Bertram Wilm, PhD Skope

In the last decades, diffusion MRI has become an established technique in healthcare and neurosciences. Aside from being the standard method for the early detection of stroke, diffusion MRI and its structural information have also found growing interest in clinical practice and research. But like many other MR methods its successful development is challenged by several pitfalls.

Geometric inconsistency and low SNR in diffusion

Inaccurate gradient systems are one of the primary source of image artifacts. They induce eddy currents, which can affect the subsequent image encoding and lead to distortions and ghosting artifacts in the images. This is a major obstacle as it leads to geometric inconsistency among diffusion images as well as images acquired with different sequences. Another hurdle and major source of artifacts is patient motion such as breathing and cardiac pulsations. Compared to other MRI sequences, diffusion MRI is particularly prone to artifacts induced by such minute patient motion. The use of rapid single-shot acquisition strategies is therefore a popular approach in counteracting these artifacts. Finally, diffusion MRI faces the challenge that diffusion contrast always comes with lower image signal-to-noise ratio (SNR), which triggers the search for MR sequences with high SNR efficiency.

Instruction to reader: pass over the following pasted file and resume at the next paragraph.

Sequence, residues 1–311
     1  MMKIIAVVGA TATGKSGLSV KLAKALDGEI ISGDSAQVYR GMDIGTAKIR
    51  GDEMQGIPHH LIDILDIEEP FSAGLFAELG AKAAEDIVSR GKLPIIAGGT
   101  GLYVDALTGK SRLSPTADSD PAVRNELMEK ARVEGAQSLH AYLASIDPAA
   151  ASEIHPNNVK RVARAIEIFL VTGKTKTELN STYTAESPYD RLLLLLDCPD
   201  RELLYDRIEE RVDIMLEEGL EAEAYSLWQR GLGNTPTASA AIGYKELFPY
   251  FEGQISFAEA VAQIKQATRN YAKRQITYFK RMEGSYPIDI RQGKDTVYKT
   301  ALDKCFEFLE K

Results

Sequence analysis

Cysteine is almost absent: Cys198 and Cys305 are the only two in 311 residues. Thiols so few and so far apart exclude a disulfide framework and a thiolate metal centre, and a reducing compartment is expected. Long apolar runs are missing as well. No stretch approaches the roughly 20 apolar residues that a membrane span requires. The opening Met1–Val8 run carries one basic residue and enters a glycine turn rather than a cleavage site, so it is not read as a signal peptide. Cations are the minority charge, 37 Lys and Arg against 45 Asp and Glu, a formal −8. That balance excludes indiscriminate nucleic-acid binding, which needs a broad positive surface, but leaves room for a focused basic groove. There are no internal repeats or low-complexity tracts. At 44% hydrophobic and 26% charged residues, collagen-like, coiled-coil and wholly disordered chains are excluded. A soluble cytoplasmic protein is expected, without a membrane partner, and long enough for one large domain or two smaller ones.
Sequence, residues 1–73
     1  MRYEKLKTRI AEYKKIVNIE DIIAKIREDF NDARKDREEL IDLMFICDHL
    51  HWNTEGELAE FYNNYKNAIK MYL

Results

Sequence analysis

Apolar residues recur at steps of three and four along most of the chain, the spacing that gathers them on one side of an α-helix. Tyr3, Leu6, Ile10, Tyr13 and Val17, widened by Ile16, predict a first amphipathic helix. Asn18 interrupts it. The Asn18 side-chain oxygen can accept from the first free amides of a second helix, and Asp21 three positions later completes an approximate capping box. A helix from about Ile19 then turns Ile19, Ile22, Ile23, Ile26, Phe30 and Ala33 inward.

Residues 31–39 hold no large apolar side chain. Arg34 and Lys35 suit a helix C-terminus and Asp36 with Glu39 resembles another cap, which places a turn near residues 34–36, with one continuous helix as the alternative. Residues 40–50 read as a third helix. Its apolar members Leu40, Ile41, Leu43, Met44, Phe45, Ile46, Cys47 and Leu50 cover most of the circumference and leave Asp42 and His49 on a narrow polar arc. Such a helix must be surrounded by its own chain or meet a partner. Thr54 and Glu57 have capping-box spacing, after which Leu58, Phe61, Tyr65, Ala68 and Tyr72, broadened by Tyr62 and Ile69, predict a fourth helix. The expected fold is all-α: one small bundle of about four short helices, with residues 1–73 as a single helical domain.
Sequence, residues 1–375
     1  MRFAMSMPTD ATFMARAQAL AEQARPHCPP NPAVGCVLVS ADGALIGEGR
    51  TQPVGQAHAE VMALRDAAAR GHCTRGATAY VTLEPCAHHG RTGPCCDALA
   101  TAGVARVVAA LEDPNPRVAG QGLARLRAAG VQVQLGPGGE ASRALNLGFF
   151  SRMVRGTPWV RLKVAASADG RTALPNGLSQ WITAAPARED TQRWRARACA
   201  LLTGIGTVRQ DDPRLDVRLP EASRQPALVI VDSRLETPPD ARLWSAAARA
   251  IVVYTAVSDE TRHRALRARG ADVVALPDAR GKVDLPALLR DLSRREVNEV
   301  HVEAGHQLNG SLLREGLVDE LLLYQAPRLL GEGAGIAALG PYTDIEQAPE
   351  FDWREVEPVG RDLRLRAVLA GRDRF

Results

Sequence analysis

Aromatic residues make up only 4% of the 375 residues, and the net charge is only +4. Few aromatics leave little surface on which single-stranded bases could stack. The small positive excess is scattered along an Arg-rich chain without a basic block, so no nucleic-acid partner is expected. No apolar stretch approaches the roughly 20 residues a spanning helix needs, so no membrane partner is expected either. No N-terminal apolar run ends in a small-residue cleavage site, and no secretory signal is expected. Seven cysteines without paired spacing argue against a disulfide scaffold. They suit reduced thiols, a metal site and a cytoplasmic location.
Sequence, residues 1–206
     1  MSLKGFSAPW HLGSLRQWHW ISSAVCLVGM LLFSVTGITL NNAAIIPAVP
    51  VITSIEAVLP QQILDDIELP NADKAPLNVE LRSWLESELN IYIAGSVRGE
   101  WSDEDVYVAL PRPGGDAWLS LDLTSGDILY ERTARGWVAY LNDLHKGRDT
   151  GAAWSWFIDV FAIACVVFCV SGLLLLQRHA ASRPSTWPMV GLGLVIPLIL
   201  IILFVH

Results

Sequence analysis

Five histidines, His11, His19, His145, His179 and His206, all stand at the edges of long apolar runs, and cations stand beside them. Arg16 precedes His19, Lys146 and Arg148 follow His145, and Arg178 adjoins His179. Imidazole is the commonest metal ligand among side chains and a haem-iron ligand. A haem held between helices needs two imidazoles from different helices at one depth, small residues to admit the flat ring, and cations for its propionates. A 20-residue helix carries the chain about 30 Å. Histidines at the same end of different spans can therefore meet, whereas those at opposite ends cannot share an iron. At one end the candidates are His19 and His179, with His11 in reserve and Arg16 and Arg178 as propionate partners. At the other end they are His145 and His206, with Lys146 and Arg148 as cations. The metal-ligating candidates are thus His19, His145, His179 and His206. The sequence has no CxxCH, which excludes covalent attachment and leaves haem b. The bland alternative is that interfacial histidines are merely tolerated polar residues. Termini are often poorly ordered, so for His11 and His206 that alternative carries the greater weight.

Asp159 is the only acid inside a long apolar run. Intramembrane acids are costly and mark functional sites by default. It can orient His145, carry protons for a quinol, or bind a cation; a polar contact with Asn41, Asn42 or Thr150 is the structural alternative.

The search for SNR-efficient sequences

Even though promising results have been shown by using multi-shot DWI approaches, single-shot echo planar imaging (EPI) has proven to be the preferred strategy to tackle the aforementioned challenges. Due to its motion robustness and SNR efficiency, single-shot EPI is applied in the vast majority of diffusion scans. However, its popularity does not account for its susceptibility to several artifacts, including global and local image distortions as well as image ghosting. Those artifacts can impact the accuracy of quantitative diffusion parameters and impair the clinical value of acquired diffusion images – opening the question whether the most suitable sequence for accurate diffusion imaging has already been found.

Another acquisition strategy, which holds great potential is spiral k-space sampling. It offers distinct benefits over EPI. Most importantly it allows for a significantly shorter echo time, which increases the SNR. Spiral readouts are also attractive for single-shot acquisition and provide high efficiency for spatial encoding, which is most beneficial after a laborious signal preparation. Despite these advantages, the use of single-shot spiral strategies is rare and virtually absent from clinical practice today. Part of this reason might be their sensitivity to B0 off-resonance and gradient imperfections. However, it has been shown recently that single-shot spiral imaging can be utilized for diffusion images of high quality by an expanded and more accurate signal model.

The choice is yours

It remains to be seen which of the two strategies will get the competitive edge over the other. Also, exploring the possibilities that these new techniques offer for diffusion applications is an interesting field itself. Which one do you prefer: The classic Cartesian or the sinuous spiral strategy?